Brown And Sharpe Amplifier Manual

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Catalogs, manuals and any other literature that is available on this site is made available for a historical record only. Please remember that safety standards have changed over the years and information in old manuals as well as the old machines themselves may not meet modern standards. Brown & Sharpe is a division of Hexagon AB, a Swedish multinational corporation focused mainly on metrological tools and technology. During the 19th and 20th centuries, Brown & Sharpe was one of the best-known and most influential machine tool builders and was a leading manufacturer of instruments for machinists (such as micrometers and indicators). Brown & Sharpe manufactures precision measuring equipment and metrology hand tools. The company, founded in 1833, played a key role in setting industrial standards in the United States. Brown & Sharpe was acquired by Hexagon Metrology in 2001 and is headquartered in North Kingstown, RI.

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Brown & Sharpe No. 2 surface grinder with hand and power feeds

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Driven from the base-mounted motor, both spindle types were arranged to run at 3200 r.p.m. (though optionally at 2750 r.p.m. if specified) but when coupled to the direct motor turned at 3450 r.p.m. (with, on this fitting, no option of a slower of faster rate).
As the table drive was all-mechanical, the mechanism employed to produce the automatic reversing left-to-right, right-to-left movements and indexing feeds was a delight to watch in action. Two rates of table travel were available, 19 and 31 feet per minute, selected by a lever behind the longitudinal-feed handwheel. To set the limits of table travel adjustable dogs, carried in a T-slot that ran the full length of the table's front face, caught against a plunger set in the forward part of the manual reversing lever - this plunger able to be withdrawn against a spring to allow, for whatever reason, table movement to go beyond the reversing point but without disturbing the dogs. Set centrally on the saddle, the manual reversing lever was a useful facility when working on very short jobs, just flicking it left and right causing the table to oscillate as required. When operated by hand, one turn of the table's longitudinal handwheel produced a travel of approximately 2' - the wheel able to be disengaged against a spring-plunger for safety reasons when power drive was engaged.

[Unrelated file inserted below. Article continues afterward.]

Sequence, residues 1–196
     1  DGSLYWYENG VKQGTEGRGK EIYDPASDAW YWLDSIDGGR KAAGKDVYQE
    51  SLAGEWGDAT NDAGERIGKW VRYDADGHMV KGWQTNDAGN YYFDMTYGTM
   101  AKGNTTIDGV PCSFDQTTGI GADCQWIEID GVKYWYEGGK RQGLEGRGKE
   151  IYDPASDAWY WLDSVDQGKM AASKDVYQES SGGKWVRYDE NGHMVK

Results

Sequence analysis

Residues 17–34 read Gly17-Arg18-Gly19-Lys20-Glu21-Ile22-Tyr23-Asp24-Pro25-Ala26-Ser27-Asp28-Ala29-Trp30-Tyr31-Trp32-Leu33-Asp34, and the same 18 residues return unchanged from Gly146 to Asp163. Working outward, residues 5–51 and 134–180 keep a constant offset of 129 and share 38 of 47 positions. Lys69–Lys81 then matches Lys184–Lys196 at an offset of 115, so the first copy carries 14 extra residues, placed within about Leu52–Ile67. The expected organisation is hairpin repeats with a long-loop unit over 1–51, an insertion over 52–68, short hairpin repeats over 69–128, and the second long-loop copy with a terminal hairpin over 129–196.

More mechanical delight was to be found in the automatic traverse movement, the limits of its travel being controlled by stop dogs mounted in a T-slot on the saddle's right-hand face. A friction-type arrangement, the automatic cross-feed mechanism could be set to index the feed in, or out, at either or both ends of the table travel - the setting being achieved by two knurled-rim nuts set in partial-circle slots on the face of the unit. Feed rates from 0.01' to 0.09' were available, a large knurled-edge nut in the middle of the assembly being used to engage and disengage the drive; with the mechanism in the latter state the cross-feed could be manually operated without fear of the drive re-engaging.
The spindle head was raised and lowered by a large-diameter handwheel connected to a pair of bevel gears - the horizontal one of which was threaded to take a non-rotating, precision-cut, heat-treated screw. Being of a considerable size, the handwheel rim was used as the micrometer dial, the widely-spaced graduations reading to 0.005'. As an option the makers offered a special fine-feed attachment that allowed the vertical adjustment to be set to just 0.0001' (1/10 of one-thousand of an inch) together with a plunger-type positive stop that could be withdrawn to allow free turning of the wheel . The
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